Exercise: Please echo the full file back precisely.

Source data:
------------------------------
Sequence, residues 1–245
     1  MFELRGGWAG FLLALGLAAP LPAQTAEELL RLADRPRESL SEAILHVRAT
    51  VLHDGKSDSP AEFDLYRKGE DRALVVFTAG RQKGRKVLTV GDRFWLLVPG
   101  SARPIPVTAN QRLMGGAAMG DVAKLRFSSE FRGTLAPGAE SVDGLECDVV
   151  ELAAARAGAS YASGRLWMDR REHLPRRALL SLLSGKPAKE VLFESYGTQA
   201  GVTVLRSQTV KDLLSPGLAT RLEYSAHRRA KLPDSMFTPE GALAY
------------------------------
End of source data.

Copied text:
Sequence, residues 1–245
     1  MFELRGGWAG FLLALGLAAP LPAQTAEELL RLADRPRESL SEAILHVRAT
    51  VLHDGKSDSP AEFDLYRKGE DRALVVFTAG RQKGRKVLTV GDRFWLLVPG
   101  SARPIPVTAN QRLMGGAAMG DVAKLRFSSE FRGTLAPGAE SVDGLECDVV
   151  ELAAARAGAS YASGRLWMDR REHLPRRALL SLLSGKPAKE VLFESYGTQA
   201  GVTVLRSQTV KDLLSPGLAT RLEYSAHRRA KLPDSMFTPE GALAY